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Illustration by Andrea Nebhut History and historians are important in understanding the contexts of our modern world. They help us place movies and political events into context, and without the careful study of the past, myths that the Civil War was about anything other than slavery would still remain unchallenged. From the Washington Post’s “Made By History” to the twitter tag #HATM — Historians at the Movies, a group of historians who live-tweet movies on...

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Recently, while reading “Fault Lines: A History of the United States since 1974,” a new book by Kevin M. Kruse and Julian Zelizer, professors of history at Princeton University, I was struck by the absence of Native voices in their discussion of modern U.S. political history. While Kruse and Zelizer’s new book is excellent, the absence of Native experiences and contributions to U.S. political history in their book’s narrative reflects a broad tendency among U.S....

It’s the witching hour, folks. With recent reboot of “Charmed,” and a reimagination of “Sabrina the Teenage Witch,” a president with scandals and a controversial new member of the Supreme Court, one could say that the 1990s are back. With this backdrop, the increased presence of witches in popular culture appears to be a commentary on the need to dismantle the patriarchy; the witch as a symbol additionally seems to take this commentary a step...

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“Boys will be boys.” Four short words that are commonly used to excuse actions that can hurt someone grievously for a lifetime. And when a woman comes forward to testify, to share the truth about the harassment and the trauma she faced, she is slandered as remembering her trauma wrong — as if the memory didn’t constantly replay in her mind. Many defenses of Brett Kavanaugh hinge on the idea that boys will be boys...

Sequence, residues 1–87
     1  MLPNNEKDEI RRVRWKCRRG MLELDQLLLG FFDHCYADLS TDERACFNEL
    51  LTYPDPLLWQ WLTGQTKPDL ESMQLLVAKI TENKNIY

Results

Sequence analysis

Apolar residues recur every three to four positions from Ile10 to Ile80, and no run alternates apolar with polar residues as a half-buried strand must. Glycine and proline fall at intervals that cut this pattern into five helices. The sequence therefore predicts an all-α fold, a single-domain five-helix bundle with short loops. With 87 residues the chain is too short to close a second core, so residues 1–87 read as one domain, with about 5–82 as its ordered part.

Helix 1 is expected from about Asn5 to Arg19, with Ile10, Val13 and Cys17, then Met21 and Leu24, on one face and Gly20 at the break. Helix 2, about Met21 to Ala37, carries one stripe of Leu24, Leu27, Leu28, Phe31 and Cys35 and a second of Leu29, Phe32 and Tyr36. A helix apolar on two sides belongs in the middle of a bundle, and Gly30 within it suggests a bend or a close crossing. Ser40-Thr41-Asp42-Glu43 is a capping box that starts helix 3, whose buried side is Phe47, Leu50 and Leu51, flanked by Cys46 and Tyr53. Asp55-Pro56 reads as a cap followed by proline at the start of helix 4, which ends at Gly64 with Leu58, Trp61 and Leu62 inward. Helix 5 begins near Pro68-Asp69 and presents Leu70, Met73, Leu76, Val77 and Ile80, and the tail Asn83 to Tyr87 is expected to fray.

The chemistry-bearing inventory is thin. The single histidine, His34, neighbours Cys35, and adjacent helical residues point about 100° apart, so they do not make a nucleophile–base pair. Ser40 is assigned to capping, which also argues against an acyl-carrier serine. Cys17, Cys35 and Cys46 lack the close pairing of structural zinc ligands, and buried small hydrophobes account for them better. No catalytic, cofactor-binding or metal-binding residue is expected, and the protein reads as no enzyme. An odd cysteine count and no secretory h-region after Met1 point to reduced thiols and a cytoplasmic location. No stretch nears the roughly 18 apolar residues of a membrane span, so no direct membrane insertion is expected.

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Shocking revelations and event after event revealing duplicities from the White House that leave the nation glued to their screens watching investigations unfold — though these details correspond with the present Trump drama, this account is about Richard Nixon. Reading Stanley L. Kutler’s “The Wars of Watergate: The Last Crisis of Richard Nixon,” one is struck by the sheer length of the investigation and the sheer effort put forth by the Nixon administration to cover...

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One of my first political memories occurred during the 2008 election night when I thought John McCain, the former senator of Arizona, was winning because of all the red states on the map. Like most 11-year-old children, I didn’t really understand the electoral college. Time went on, and my political allegiances shifted, but I never lost a grudging respect — and occasional admiration — for John Sidney McCain III. While this is a departure from...

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History matters. It shapes how we think and the institutions that surround us. This column will focus on the impacts of history and how it shapes our world. To start with, I will look at the founding of Trinity University and its intersection with the rise of coeducation and religion. According to R. Douglas Brackenridge’s “Trinity University: A Tale of Three Cities,” Cumberland Presbyterians founded Trinity in 1869 with the intention of creating “a university...